Attack on Cuba
Cuba might have been the target of covert U.S. biological warfare, which could have starved and possibly killed hundreds of people. The statement made from Cuba to the United Nations presented persuasive evidence to the UN Secretary General on April 28 that Washington may be responsible for spreading a suspicious and devastating crop plague in Cuba.
According to Cuba’s report to the UN, on Oct. 21, 1996, Cuban Airlines crew members on a commercial flight reported a single-engine plane about 1,000 feet above them flying north to south above Matanzas Province. The plane was sporadically spraying a grayish-white mist, which might have been a powerful pesticide.
The plane was identified as a fumigation plane, Model register N3093M. That plane is listed on the civilian aircraft registry of the U.S. as being operated by the State Department. The airplane had taken off from Patrick United States Air Force Base in Cocoa Beach in Florida.
A Cuban air controller asked the pilot of the U.S. plane whether the craft was experiencing any technical problems. In a taped conversation, the pilot replied “No.” When asked, the pilot identified the aircraft as a single-engine aircraft.
CROP PLAGUE EMERGES ALONG THE FLIGHT PATTERN
On Dec. 18,
Outbreaks of the infestation were reported in numerous other fields in and around Matanzas and La Havana Provinces, infecting corn, beans, pumpkins, cucumbers and other crops. Although the Cuban government purchased expensive pesticides to combat the infestation, the chemical control has apparently not been effective. On Dec. 26, the Cuban Ministry of Foreign Affairs asked the U.S. Interest Section in Havana to clarify the flight incident.
The U.S. government claimed in reply that when the single- engine aircraft pilot saw the Cuban commercial airplane flying below, the pilot used the “smoke generator” to indicate his location. But the SAR aircraft is a crop-duster, used by the U.S. to destroy crops in the so-called war on drugs. While the aircraft has sprinkling systems for liquids, aerosols and solids, there is no known smoke generator installed. Which makes it impossible to generate smoke signals furthermore the smoke argument directly contradicts the taped conversation with the U.S. pilot.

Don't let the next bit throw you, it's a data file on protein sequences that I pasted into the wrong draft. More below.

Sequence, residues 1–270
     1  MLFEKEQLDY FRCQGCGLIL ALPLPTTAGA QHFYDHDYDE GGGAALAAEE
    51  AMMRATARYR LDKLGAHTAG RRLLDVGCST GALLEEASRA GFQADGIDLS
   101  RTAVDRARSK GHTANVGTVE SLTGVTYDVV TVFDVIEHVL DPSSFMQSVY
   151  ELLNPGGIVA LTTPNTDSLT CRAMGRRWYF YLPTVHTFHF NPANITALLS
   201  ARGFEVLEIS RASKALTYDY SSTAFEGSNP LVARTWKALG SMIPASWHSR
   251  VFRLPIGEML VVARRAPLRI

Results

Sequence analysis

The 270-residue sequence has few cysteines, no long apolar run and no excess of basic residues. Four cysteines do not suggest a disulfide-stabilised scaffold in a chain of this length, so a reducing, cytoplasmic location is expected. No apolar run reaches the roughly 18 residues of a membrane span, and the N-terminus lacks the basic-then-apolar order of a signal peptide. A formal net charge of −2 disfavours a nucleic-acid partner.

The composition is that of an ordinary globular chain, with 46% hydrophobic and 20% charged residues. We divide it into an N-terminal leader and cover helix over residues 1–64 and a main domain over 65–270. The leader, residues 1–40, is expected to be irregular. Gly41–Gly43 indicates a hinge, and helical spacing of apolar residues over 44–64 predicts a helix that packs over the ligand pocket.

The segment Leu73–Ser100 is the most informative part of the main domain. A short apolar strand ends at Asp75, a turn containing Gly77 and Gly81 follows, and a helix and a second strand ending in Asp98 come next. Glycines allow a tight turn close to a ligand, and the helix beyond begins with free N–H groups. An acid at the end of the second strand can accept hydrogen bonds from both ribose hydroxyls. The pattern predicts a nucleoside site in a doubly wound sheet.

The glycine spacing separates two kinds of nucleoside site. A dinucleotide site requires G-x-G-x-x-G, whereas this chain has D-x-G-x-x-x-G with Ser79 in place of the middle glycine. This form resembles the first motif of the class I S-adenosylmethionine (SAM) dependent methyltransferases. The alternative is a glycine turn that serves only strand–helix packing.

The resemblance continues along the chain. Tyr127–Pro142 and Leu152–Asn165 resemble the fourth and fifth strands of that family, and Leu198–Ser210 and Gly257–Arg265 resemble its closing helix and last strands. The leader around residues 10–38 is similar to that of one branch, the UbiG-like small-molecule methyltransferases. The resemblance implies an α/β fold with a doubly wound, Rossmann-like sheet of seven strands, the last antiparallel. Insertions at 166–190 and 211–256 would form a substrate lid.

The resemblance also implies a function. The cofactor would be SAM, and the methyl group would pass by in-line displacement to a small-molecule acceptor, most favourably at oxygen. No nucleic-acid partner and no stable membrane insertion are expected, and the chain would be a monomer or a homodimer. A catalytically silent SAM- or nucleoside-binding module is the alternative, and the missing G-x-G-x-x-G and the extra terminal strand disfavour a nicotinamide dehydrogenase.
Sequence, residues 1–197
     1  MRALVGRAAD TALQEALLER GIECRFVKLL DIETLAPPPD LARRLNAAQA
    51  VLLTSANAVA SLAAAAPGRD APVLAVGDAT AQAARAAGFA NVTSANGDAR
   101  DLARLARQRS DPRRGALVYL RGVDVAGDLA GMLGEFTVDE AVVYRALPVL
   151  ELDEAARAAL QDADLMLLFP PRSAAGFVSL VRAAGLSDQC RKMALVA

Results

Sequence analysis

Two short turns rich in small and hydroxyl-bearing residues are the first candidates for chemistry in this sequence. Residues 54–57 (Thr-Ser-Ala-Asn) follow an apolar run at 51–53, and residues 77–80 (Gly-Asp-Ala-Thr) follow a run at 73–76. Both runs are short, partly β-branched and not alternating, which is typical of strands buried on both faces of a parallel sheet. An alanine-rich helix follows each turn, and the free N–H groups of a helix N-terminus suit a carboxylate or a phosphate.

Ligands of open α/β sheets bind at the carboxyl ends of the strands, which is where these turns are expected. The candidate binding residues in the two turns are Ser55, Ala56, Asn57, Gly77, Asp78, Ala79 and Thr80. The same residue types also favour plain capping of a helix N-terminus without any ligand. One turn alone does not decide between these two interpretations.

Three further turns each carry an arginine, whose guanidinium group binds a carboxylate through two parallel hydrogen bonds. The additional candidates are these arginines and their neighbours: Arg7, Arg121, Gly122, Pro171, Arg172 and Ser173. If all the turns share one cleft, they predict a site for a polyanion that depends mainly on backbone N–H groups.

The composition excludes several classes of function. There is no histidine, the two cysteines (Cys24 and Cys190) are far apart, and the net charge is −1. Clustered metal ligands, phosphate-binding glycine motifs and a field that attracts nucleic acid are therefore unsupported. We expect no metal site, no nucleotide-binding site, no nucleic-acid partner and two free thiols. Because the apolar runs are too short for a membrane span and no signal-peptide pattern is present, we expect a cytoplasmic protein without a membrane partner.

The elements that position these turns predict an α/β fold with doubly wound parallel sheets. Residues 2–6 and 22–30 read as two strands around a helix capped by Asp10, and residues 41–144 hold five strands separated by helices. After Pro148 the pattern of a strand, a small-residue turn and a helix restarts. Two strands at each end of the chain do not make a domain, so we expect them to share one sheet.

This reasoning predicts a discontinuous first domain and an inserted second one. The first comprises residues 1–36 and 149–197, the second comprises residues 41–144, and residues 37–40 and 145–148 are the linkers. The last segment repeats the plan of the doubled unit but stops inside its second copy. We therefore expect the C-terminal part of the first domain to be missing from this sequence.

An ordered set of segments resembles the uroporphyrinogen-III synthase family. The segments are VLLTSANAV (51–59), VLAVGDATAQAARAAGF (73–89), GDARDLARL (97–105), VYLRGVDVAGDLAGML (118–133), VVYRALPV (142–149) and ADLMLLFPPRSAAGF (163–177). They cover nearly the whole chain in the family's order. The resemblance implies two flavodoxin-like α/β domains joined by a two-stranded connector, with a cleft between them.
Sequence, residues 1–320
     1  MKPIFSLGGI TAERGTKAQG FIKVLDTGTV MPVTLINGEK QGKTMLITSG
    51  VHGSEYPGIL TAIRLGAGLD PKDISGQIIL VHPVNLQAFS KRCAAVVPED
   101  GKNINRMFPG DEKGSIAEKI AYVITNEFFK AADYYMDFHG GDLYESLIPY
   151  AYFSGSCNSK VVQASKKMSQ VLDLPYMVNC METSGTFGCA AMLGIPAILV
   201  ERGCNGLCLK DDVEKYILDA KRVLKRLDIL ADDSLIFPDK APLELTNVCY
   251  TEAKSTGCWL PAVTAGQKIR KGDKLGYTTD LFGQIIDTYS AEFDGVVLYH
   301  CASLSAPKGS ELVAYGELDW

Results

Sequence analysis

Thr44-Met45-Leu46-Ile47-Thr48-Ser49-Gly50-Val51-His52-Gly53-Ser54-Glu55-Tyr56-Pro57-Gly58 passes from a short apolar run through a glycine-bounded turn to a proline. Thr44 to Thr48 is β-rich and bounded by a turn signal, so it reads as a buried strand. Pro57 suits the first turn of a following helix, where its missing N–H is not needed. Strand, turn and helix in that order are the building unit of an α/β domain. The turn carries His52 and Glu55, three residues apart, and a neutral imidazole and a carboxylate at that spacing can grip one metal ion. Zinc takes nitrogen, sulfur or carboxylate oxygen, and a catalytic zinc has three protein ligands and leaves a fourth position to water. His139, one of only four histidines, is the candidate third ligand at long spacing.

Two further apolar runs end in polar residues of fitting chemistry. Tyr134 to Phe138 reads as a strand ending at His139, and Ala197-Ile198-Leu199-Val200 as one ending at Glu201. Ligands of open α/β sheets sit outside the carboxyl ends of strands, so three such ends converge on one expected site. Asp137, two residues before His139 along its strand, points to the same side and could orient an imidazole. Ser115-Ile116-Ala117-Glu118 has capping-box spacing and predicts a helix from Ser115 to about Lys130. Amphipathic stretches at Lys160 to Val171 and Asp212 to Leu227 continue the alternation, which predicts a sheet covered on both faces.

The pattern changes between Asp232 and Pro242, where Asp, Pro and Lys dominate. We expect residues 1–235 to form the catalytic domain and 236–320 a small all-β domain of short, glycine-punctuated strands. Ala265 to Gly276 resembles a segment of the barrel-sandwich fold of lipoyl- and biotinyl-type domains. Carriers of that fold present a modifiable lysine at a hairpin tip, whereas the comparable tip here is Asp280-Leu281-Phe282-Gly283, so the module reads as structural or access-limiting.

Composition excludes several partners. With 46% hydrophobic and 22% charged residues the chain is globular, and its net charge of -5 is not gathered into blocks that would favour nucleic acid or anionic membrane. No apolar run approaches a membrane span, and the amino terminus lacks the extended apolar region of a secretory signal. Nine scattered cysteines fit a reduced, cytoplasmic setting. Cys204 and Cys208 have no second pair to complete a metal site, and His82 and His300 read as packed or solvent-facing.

Eyewitness accounts from a Cuban commercial pilot experienced at flying fumigation planes confirms that he saw the release of a material, not smoke. And the areas infected with Thrips palmi match the flight of the U.S. crop-duster. In addition, investigators from the Cuban National Pest Control Center detected the insect population on Dec. 18. The pest specialists estimated the plague was in its third or fourth generation. Considering that the insect reproductive cycle is 15 to 21 days, depending on its host plant, the beginning of the outbreak was estimated to be Oct. 21 exactly the date when the U.S. crop-duster flew over the fields.
Based on these accounts and other supporting facts, the Cuban government charges in its statement to the UN, There is reliable evidence that Cuba has once again been the target of biological attack.